Although it’s growing all the time, St. Mary’s County still has plenty of events that celebrate its down-home, rural heritage. The best and biggest example of that is setting up right now just south of Leonardtown.

The 73rd annual St. Mary’s County Fair will be ready to roll Thursday afternoon, the culmination of the work of its longtime board president, John Richards, his wife, Ann, and seemingly countless volunteers.

The Richardses are always figuring ways to spruce up the fairgrounds, which has become a major gathering place in St. Mary’s in recent years for all manner of festivals, concerts and other events. But the county fair is still the granddaddy of them all.

As always, there’s something on the grounds that gets updated or improved to make the fair experience better for all. This year volunteers, including some associated with the local Christmas in April chapter, built a new and sturdier stage in the auditorium building where the baby contest, speech contest and other events are held.

In terms of entertainment, one addition that’s sure to grab plenty of attention will be dachshund races, interspersed with the longtime crowd-pleasing pig races.

Also, fairgoers should keep an eye out for local Lions Club members, who will be volunteering at a mobile health RV all four days to offer free vision and hearing screening to all ages.

So that’s some of what’s new. Everything else is just as you’d expect at the county fair. Want to see some farm animals? This is the right place. As always, there are plenty of pigs, sheep, cattle, lambs and goats, as well as chickens and rabbits.

Want to see an enormous watermelon? They’ve got you covered at the fair, not to mention loads of other fruits and vegetables of all varieties. And don’t forget to see the flowers.

Today, Wednesday, is entry day, with farm and garden submissions for judging starting at 11 a.m. for those who didn’t preregister. Most of the other categories are accepting entries from 1 to 8 p.m. Overall, John Richards said, there will likely be 6,000 entries or more filling the fairgrounds’ buildings.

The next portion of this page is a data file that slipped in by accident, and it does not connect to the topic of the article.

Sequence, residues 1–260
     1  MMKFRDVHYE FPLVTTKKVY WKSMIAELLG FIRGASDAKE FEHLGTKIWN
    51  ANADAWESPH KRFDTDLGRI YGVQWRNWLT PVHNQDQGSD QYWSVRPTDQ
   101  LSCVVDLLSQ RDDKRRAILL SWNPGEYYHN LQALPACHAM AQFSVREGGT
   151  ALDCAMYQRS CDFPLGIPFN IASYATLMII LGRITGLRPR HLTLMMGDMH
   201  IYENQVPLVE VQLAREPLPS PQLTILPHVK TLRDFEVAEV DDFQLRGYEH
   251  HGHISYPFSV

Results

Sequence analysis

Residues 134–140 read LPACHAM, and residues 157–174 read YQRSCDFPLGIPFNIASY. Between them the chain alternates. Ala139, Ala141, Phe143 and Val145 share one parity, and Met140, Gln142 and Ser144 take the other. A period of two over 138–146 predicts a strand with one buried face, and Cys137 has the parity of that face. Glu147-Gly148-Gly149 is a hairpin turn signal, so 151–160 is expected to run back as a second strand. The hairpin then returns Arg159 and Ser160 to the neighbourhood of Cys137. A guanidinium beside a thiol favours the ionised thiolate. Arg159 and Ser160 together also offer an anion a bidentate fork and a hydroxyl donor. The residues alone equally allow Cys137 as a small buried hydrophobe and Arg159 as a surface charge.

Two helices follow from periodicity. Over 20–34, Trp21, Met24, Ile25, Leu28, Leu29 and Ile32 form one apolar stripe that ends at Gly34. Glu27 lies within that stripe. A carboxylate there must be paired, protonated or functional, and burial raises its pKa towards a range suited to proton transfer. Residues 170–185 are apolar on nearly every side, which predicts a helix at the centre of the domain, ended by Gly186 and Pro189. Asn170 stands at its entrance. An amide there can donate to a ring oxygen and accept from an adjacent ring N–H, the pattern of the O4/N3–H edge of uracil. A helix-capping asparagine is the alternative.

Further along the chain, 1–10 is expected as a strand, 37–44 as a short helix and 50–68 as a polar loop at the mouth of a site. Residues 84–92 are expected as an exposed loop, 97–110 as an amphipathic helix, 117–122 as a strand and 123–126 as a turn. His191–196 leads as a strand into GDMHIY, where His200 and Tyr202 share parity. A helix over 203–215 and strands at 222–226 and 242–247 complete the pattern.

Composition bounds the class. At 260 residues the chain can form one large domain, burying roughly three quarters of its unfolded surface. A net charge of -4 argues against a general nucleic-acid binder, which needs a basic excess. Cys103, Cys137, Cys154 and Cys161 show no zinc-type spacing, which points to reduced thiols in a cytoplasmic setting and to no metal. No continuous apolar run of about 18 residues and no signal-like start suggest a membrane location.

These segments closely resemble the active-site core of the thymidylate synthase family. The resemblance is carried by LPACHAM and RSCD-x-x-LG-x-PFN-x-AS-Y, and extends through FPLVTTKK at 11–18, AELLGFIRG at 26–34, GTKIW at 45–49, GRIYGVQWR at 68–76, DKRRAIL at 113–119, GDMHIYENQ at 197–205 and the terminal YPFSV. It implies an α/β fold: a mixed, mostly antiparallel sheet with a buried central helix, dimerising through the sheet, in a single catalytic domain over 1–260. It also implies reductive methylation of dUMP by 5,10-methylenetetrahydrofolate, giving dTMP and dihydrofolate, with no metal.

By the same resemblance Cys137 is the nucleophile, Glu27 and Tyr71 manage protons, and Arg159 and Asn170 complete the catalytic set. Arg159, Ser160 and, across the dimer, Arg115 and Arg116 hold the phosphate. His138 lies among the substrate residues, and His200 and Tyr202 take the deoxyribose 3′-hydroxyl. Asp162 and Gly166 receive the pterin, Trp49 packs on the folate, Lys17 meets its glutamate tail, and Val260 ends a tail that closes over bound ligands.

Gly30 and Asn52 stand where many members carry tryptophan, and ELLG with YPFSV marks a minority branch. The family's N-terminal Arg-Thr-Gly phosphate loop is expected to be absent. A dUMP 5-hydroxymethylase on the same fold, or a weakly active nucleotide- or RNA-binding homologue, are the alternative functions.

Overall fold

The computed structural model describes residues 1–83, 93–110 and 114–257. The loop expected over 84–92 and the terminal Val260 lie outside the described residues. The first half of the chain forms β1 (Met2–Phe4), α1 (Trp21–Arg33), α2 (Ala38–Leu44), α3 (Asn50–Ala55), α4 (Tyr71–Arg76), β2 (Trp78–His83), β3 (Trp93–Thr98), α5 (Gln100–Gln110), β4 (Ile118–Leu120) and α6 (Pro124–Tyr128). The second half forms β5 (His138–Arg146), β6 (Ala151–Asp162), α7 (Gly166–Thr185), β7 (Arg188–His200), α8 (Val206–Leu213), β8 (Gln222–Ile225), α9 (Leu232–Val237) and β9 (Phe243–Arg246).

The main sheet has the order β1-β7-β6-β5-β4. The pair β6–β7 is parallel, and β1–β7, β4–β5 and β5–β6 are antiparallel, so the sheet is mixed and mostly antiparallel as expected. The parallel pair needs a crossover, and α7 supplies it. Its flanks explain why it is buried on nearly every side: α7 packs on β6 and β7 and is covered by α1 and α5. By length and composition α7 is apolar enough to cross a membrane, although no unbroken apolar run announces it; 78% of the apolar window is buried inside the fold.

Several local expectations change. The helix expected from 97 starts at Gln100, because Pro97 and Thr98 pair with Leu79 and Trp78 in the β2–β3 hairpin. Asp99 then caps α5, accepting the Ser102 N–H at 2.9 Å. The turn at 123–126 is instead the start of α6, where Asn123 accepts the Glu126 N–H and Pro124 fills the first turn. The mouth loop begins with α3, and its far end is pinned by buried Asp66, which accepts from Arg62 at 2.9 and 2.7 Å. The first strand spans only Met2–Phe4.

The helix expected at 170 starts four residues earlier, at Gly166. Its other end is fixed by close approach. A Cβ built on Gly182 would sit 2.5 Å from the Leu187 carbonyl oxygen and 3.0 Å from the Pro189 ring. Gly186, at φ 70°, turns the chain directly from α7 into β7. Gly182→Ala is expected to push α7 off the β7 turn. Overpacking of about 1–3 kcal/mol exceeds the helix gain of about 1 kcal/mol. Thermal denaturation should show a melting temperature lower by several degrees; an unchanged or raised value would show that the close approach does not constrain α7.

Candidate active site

Gates will open Thursday around 3 p.m. when judging is complete, and exhibit buildings officially open at 4 p.m. The carnival section of the fair will feature a one-price ticket event tomorrow evening, and a 4-H horse drill team demonstration will complete the day’s activities. Also Thursday evening, the new Queen of Tolerance will be crowned.

On Friday, all children will be admitted free until 5 p.m. The fair will be in full swing by then, opening at 9 a.m. and closing at 9 p.m., and feature 4-H horse and livestock shows, more pig (and wiener dog) races, a speech contest and lots of other entertainment throughout the day. As with last year, fair organizers are asking that no one smoke or vape on the fairgrounds on Friday. Much of the fairgrounds is already off limits to smoking throughout the fair anyway.

Saturday, known as Parade Day, will kick off with the fair parade at 10:30 a.m. and continue with livestock auctions, a jousting tournament and lots of other fun activities. Exhibit buildings will again be open from 9 a.m. to 9 p.m.

Exhibits remain open on Sunday, or Family Day, from 9 a.m. until about 6 p.m. There will also be a gospel concert, the St. Mary’s Riding Club’s fair horse show and the popular antique tractor pull.

Carnival rides open Thursday from 5 to 10 p.m., on Friday and Saturday from 10 a.m. to 10 p.m., and on Sunday from 11 a.m. to 7 p.m. Ticket prices vary. Gate admission to the fair is $7 for adults, $1 for children ages 6 to 12 and free for children younger than 6. Passes good for all four days can be purchased for $15 for adults or $2 for children ages 6 to 12. Check out the website for more information.

Taken as a whole, the county fair looks like a giant and eclectic farm. And that’s the point. It’s an unabashed celebration of country life, coming just as summer changes into the harvest season of autumn. It’s an acknowledgment that for all our technological advances and increasingly sophisticated ways, the pastoral atmosphere of St. Mary’s is alive and kicking. So come out and enjoy.